• Disparate impact: Disparate impact discrimination is unintentional, where the process and treatment may be the exact same for all employees but a protected class of workers is negatively affected anyway. Disparate impact discrimination is not always illegal because an employer can have a legitimate, job-related reason for the subject procedures, so these cases are very fact-dependent and need to be reviewed by an experienced lawyer.

Tadler Law is currently representing the United States Women’s National Soccer Team’s (“WNT”) former goalkeeper Hope Solo in her gender-based employment discrimination lawsuit against the United States Soccer Federation (“the Federation”) in Solo v. United States Soccer Federation, No. 3:18-cv-05215-DMR (N.D.Cal.). Solo alleges significant pay disparities exist between the U.S. Men’s National Soccer Team and the WNT. According to the suit and contrary to the assertions of the Federation, there are no legitimate, non-discriminatory reasons for this gross disparity of wages, nor can it be explained away by any bona fide seniority, merit, or incentive system, or any factor other than sex.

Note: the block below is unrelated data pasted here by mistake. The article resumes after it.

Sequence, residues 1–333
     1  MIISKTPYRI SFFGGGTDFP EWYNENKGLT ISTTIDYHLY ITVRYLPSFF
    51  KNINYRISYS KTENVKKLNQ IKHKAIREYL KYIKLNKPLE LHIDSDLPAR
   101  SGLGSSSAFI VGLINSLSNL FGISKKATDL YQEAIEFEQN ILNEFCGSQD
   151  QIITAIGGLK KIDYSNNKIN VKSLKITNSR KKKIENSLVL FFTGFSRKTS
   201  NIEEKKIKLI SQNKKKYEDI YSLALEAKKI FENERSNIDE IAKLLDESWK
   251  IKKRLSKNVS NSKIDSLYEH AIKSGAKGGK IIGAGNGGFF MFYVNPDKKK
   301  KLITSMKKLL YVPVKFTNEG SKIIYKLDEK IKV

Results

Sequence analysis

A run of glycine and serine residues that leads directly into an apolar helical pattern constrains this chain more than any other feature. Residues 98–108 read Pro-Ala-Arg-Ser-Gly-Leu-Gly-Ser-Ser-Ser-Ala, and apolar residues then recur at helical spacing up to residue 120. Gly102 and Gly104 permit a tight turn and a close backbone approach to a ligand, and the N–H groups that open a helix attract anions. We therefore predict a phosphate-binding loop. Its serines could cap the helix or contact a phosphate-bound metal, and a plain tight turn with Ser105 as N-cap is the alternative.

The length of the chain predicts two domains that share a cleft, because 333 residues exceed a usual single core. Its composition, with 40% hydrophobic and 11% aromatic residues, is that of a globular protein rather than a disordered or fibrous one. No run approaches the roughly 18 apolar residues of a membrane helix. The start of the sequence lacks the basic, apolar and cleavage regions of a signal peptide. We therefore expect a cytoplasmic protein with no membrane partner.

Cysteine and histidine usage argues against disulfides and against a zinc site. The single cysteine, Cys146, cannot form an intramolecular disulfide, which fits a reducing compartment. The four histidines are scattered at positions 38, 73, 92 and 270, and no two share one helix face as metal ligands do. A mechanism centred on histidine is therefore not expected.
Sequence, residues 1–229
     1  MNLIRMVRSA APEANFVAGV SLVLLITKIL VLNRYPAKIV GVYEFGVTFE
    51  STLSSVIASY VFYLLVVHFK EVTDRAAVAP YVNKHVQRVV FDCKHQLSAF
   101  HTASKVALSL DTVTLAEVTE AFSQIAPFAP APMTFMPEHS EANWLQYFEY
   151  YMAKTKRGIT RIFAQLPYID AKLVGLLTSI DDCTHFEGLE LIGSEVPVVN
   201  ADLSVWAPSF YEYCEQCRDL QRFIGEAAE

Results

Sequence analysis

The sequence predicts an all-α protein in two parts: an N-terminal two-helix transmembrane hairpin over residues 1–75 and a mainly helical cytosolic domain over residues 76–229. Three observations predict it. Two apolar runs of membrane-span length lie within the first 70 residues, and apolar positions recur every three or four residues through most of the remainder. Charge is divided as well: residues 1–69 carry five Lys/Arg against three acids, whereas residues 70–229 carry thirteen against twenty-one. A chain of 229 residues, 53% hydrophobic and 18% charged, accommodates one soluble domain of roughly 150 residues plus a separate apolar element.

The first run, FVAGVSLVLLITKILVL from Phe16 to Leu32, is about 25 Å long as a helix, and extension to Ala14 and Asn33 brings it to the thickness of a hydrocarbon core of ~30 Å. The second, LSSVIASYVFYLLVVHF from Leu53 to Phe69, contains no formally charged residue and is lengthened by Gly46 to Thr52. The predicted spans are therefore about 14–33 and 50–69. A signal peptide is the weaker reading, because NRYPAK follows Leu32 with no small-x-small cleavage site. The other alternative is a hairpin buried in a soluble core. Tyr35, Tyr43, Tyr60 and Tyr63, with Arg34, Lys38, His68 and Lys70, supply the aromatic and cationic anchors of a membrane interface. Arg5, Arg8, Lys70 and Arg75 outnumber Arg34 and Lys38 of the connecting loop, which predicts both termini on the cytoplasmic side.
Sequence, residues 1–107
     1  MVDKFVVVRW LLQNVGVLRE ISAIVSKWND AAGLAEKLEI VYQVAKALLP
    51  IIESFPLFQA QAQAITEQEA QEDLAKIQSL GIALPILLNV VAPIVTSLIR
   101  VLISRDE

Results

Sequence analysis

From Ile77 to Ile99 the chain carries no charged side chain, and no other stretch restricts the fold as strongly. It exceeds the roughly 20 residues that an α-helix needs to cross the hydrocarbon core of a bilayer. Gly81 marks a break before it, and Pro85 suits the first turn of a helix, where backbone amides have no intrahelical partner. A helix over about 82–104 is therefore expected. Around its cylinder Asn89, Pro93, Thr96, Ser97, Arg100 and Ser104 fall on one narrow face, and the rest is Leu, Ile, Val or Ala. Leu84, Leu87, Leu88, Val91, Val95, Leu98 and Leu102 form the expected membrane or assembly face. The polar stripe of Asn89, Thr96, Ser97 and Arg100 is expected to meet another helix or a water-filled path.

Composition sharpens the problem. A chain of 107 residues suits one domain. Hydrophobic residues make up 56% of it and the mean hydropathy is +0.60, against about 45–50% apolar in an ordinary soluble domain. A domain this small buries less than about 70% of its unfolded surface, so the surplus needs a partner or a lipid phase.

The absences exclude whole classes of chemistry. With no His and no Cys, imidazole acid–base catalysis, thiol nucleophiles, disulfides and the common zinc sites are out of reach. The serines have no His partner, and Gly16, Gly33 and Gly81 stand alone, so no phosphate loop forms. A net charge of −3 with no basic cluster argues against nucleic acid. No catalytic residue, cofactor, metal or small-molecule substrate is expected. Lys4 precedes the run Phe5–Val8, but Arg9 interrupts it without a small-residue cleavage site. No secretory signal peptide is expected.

Workplace harassment is a form of employment discrimination wherein unwelcome conduct that is based on an employee’s protected status affects their ability to work in a safe job. According to the Equal Employment Opportunity Commission, harassment becomes unlawful when: (1) enduring the offensive conduct becomes a condition of employment and (2) the conduct is pervasive enough to create what a reasonable person would view as a hostile work environment. There are four main types of workplace harassment, explained below by way of example scenarios:

  • Verbal harassment: Repeated requests for a date in person or making derogatory comments about someone’s disability to their face
  • Written harassment: Sending emails with offensive jokes about race or religion or forwarding an email with pornographic imagery
  • Physical harassment: Unwanted touching of a person, their hair, or their clothing or making lewd hand gestures or suggestive facial expressions
  • Visual harassment: Wearing clothing with offensive language or displaying photos or other imagery of a sexual nature

Wrongful Termination